The movie, which is adapted from graphic novel “La mort de Staline” by Fabien Nury and Thierry Robindeal by director Armando Iannucci and his co-writers David Schneider, Ian Martin, and Peter Fellows, gives us numerous acerbic moments of ironies and absurdities as its apparatchik characters clumsily try to deal with this urgent circumstance they have probably never imagined. At one point, they try to get doctors to examine Stalin, but then they are reminded that they executed most of good doctors in Moscow, and a bunch of doctors they later manage to gather are understandably reluctant to examine Stalin.

Once Stalin eventually passes away, the situation becomes more complicated due to the following conflict between Beria and Khrushchev. Although Deputy General Secretary Georgy Malenkov (Jeffrey Tambor) fills Stalin’s empty position for now, he is utterly ineffectual and spineless without much presence or leadership to hold the Central Committee under his control, and both Beria and Khrushchev try to manipulate him as well as other several key figures for their ultimate political goal. Besides Foreign Minister Vyacheslav Molotov (Michael Palin) and other Central Committee members, they also have to deal with Stalin’s two children Svetlana (Andrea Riseborough) and Vasily (Rupert Friend), and there is also Field Marshal Georgy Zhukov (Jason Isaacs), a volatile World War II hero who forcefully struts into the ongoing circumstance as quite determined to do something about it.


Wryly depicting the silliness of this absurd power struggle, the movie never overlooks the atrocities casually committed by its main characters’ monstrous political system, and Iannucci deftly balances his story and characters between humor and horror. While we get lots of laughs from how silly and petty its main characters are, what is being at stake in their inner world remains quite serious nonetheless, and we are often chilled by how their political chaos mercilessly affects the world outside.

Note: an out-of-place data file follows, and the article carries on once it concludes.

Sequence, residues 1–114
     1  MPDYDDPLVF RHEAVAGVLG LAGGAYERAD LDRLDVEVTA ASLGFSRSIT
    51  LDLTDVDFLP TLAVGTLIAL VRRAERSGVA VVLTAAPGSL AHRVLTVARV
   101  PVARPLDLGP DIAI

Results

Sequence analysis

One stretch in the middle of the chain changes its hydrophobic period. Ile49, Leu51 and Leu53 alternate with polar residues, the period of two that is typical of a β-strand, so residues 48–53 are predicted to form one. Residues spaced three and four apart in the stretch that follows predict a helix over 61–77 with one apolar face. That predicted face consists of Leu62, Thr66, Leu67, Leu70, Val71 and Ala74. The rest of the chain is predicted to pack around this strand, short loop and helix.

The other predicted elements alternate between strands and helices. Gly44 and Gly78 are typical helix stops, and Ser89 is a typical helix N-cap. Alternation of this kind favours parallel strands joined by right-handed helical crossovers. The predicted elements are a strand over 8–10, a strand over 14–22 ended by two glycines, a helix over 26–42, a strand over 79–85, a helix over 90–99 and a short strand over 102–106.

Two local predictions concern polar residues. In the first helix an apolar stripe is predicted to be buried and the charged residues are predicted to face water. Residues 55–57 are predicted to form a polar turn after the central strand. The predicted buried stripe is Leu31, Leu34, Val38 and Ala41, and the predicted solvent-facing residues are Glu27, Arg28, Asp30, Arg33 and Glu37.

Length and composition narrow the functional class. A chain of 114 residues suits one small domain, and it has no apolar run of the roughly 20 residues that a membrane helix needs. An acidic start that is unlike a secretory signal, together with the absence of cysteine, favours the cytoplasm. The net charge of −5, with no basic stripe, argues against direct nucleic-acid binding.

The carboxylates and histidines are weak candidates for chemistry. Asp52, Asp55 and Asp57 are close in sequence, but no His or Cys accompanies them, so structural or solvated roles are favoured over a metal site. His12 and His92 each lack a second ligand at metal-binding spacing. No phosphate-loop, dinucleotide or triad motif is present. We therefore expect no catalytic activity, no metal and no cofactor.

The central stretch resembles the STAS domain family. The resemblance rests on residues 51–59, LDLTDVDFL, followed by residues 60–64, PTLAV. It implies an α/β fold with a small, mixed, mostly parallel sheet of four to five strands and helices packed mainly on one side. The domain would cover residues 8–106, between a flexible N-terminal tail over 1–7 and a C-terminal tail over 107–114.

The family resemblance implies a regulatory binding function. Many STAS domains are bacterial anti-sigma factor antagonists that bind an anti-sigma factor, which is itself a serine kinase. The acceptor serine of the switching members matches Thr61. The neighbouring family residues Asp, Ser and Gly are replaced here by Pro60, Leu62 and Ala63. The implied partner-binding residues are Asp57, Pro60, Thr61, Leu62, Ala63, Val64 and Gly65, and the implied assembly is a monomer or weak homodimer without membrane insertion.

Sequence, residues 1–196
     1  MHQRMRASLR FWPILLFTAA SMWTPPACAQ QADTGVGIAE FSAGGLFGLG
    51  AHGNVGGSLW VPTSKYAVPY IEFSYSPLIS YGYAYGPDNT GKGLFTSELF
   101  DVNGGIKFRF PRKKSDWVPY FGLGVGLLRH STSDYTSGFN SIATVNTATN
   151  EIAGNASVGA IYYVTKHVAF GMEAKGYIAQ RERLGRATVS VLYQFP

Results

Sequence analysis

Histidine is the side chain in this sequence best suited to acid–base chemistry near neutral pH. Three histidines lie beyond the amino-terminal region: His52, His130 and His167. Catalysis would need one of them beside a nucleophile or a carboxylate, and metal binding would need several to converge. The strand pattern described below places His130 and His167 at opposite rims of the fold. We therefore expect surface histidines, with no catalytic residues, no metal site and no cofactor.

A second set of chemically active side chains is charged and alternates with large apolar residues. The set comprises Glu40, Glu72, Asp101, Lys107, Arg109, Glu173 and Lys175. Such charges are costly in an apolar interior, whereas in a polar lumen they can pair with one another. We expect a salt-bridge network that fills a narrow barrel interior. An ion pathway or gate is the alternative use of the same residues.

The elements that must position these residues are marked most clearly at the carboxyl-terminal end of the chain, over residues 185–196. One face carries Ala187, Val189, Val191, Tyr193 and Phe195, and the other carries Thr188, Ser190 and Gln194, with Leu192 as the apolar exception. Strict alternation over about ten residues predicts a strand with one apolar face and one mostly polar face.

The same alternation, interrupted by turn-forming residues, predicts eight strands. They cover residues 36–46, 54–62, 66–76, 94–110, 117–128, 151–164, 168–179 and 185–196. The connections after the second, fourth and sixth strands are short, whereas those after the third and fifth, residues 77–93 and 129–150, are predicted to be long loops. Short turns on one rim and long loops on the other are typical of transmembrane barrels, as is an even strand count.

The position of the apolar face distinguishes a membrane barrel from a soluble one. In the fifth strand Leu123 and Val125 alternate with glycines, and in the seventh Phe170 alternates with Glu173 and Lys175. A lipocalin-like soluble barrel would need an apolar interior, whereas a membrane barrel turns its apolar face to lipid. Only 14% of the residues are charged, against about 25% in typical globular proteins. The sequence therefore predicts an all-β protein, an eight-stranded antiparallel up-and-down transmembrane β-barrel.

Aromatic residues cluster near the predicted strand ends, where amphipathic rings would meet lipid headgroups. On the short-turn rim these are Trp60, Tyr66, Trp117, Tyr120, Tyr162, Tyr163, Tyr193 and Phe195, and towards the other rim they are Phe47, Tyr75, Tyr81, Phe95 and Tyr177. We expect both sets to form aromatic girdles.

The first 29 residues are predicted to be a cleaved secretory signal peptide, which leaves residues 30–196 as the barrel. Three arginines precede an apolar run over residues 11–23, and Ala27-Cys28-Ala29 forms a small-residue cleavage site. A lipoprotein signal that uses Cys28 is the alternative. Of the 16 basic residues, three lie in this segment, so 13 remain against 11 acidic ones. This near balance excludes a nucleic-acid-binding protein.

Rather than using fake Russian accent, the performers in the movie speak with each own natural English accent, and this wise acting choice makes them more fluent and effortless in their line delivery and timing. While Steve Buscemi, who is the last performer you can imagine playing Khrushchev, is superlative in his role, Simon Russell Beale is effectively despicable, and the other main cast members including Michael Palin, Jeffrey Tambor, Rupert Friend, Andrea Riseborough, Olga Kurylenko, Paddy Considine, and Jason Isaacs have each own moment to shine.

Like Iannucci’s previous work “In the Loop” (2009), “The Death of Stalin” is a smart, intelligent political satire which distinguishes itself with its sharp, uninhibited sense of black humor, and you will be simultaneously amused and chilled by its barbed insights on dictatorship and accompanying sycophancy. They say anything can be a subject for comedy, and this bitingly funny movie surely proves that with truly dark laughs to be savored and appreciated.


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1 Response to The Death of Stalin (2017) ☆☆☆1/2(3.5/4): A political satire set in the Soviet era

  1. Pingback: 10 movies of 2018 – and more: Part 2 | Seongyong's Private Place